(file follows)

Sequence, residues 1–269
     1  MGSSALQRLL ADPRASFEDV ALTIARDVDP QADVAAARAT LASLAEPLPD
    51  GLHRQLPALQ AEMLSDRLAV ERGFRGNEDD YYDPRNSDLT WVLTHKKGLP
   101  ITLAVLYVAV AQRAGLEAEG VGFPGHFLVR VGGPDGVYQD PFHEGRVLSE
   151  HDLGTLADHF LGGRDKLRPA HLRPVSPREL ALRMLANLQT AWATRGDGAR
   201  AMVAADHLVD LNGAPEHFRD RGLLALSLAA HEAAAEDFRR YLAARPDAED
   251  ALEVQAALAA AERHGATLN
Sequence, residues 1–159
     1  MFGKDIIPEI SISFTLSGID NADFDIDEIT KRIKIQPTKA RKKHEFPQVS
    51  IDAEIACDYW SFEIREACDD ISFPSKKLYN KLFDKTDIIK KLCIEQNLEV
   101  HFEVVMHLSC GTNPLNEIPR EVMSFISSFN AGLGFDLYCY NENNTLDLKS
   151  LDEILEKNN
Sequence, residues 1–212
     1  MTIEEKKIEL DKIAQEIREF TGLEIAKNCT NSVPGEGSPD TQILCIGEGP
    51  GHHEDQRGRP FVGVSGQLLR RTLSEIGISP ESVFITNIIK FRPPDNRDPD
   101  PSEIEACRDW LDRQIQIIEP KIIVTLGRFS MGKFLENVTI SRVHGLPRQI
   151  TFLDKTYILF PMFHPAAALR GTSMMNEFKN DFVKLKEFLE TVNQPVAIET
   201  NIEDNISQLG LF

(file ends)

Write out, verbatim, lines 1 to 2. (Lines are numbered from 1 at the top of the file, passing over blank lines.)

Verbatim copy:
Sequence, residues 1–269
     1  MGSSALQRLL ADPRASFEDV ALTIARDVDP QADVAAARAT LASLAEPLPD